Employers need to do more to address the huge cost of sickness absence in the workplace.

A report by the Northern Ireland Statistics and Research Agency published today shows that the sickness absence rate in the civil service for 2018/19 was an average of 12.6 days.

This represents a loss of 5.8% of the available working days for the year and equates to an estimated £32.9 million of lost production in salary terms. The current figures are 48% higher than the Assembly’s 2014-15 Programme for Government (PfG) target for sickness absence of 8.5 days.

Earlier this week the Northern Ireland Audit Office published a report, which found that overall sickness absence rates across local government were the highest since 1990.  The average sickness absence rate for councils was 14.89 days, representing approximately 6.8% of total working days for the year.  The majority of days lost at each council related to long-term absenteeism with conditions such as musculoskeletal problems, stress and depression being key contributors.

Commenting on the reports, Tom Sullivan Public Affairs and Policy Manager for the Chartered Society of Physiotherapy said,

“Musculoskeletal disorders (MSDs) are the second most common cause of sickness absence.  Speeding up access to physiotherapy is key to reducing this.  Draft guidelines issued by the National Institute for Health and Care Excellence (NICE) recommends that early intervention could benefit both employees and their employers and those companies should consider offering employee assistance programmes. Rapid access to musculoskeletal physiotherapists can reduce the amount of time people are off sick and is vital in preventing a new acute problem becoming chronic and long lasting.”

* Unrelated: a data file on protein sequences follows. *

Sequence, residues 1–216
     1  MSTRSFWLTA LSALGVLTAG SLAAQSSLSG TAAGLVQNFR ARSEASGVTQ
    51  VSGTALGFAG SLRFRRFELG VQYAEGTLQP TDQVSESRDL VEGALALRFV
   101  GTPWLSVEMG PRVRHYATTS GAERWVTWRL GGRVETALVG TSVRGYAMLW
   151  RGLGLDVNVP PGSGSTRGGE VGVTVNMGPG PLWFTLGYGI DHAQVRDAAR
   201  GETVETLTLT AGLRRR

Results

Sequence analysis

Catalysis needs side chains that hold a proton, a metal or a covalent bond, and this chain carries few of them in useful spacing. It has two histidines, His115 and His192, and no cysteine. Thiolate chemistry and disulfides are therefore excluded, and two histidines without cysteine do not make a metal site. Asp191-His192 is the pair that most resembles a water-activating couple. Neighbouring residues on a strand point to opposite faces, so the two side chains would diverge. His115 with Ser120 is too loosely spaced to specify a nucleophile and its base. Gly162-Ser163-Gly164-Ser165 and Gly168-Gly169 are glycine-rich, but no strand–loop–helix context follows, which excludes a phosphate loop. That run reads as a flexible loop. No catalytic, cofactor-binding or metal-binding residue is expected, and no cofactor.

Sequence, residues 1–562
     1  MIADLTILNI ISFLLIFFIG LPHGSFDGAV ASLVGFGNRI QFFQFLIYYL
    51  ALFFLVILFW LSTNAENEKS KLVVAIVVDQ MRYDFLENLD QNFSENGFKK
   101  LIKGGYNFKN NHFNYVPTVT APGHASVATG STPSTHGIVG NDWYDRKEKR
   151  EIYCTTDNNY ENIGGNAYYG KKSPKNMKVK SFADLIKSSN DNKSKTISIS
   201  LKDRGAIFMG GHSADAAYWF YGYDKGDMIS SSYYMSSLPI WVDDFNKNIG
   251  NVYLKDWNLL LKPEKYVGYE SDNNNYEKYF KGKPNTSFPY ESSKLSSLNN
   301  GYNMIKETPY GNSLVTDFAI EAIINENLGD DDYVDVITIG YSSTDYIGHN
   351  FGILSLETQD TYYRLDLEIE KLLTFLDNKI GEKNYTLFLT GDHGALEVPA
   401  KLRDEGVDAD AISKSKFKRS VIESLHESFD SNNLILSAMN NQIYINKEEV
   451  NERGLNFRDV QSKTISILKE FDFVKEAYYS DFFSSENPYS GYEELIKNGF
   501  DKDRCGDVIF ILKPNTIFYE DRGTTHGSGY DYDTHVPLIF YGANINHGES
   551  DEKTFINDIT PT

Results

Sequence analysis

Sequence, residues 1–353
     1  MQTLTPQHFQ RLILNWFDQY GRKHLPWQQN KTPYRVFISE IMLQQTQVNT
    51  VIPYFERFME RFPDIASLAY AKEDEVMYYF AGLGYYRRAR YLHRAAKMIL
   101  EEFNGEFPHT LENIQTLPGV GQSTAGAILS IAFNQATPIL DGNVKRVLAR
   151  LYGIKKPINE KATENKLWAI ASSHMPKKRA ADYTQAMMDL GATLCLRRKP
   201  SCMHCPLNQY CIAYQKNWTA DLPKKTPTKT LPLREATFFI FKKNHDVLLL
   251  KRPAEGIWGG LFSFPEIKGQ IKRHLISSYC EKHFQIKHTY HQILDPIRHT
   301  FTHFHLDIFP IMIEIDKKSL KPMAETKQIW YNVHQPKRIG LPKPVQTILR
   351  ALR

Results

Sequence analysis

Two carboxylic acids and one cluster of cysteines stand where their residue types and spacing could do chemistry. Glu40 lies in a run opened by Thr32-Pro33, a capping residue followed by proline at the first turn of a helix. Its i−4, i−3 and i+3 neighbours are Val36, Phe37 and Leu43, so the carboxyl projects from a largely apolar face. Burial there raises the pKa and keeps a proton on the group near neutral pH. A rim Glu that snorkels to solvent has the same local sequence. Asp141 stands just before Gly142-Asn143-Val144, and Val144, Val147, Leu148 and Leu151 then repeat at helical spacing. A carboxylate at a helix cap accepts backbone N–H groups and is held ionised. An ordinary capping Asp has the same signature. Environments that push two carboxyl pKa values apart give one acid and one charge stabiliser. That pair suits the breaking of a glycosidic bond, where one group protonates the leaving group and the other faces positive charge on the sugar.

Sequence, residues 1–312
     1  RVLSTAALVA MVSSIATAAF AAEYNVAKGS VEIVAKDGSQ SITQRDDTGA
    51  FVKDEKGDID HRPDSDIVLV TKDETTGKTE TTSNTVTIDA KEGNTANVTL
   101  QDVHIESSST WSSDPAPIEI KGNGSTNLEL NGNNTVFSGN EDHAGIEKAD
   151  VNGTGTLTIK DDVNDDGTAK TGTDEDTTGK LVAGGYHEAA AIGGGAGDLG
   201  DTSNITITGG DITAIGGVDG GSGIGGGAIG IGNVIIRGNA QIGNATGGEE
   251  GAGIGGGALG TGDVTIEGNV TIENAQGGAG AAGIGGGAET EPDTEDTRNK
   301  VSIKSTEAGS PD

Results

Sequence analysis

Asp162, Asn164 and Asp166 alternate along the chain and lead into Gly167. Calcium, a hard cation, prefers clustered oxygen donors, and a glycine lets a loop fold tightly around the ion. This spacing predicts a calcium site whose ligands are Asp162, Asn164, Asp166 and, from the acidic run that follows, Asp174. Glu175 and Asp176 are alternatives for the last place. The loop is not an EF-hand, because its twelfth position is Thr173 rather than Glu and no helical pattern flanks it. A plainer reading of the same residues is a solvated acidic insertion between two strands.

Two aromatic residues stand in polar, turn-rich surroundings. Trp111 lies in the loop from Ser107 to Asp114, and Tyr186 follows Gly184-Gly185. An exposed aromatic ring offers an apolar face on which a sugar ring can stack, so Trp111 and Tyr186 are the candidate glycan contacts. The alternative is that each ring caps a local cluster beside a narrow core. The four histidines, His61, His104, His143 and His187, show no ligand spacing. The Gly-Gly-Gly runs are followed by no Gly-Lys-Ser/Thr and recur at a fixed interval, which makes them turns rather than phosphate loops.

Mr Sullivan commented further,

“Employers need to do more to address the huge cost of sickness absence here. The NI Assembly Finance Committee report on “Sickness Absence in the Northern Ireland Public Sector” published in 2015 included a number of recommendations for tackling issue including the “systematic adoption of early intervention measures, such as referral to specialist physiotherapy services”. It is clear that despite the fact that we do not have a working Assembly there is much that can be done by the Northern Ireland Civil Service, the Department of Finance and employers generally, to address sickness absence in the workplace, and which does not require an executive decision by a Minister.”


For further information contact:-

Tom Sullivan
Public Affairs & Policy Manager
Chartered Society of Physiotherapy NI
Scottish Provident Building
Donegall Square West
Belfast BT1 6JH

Mob: 07779651939

email sullivant@csp.org.uk

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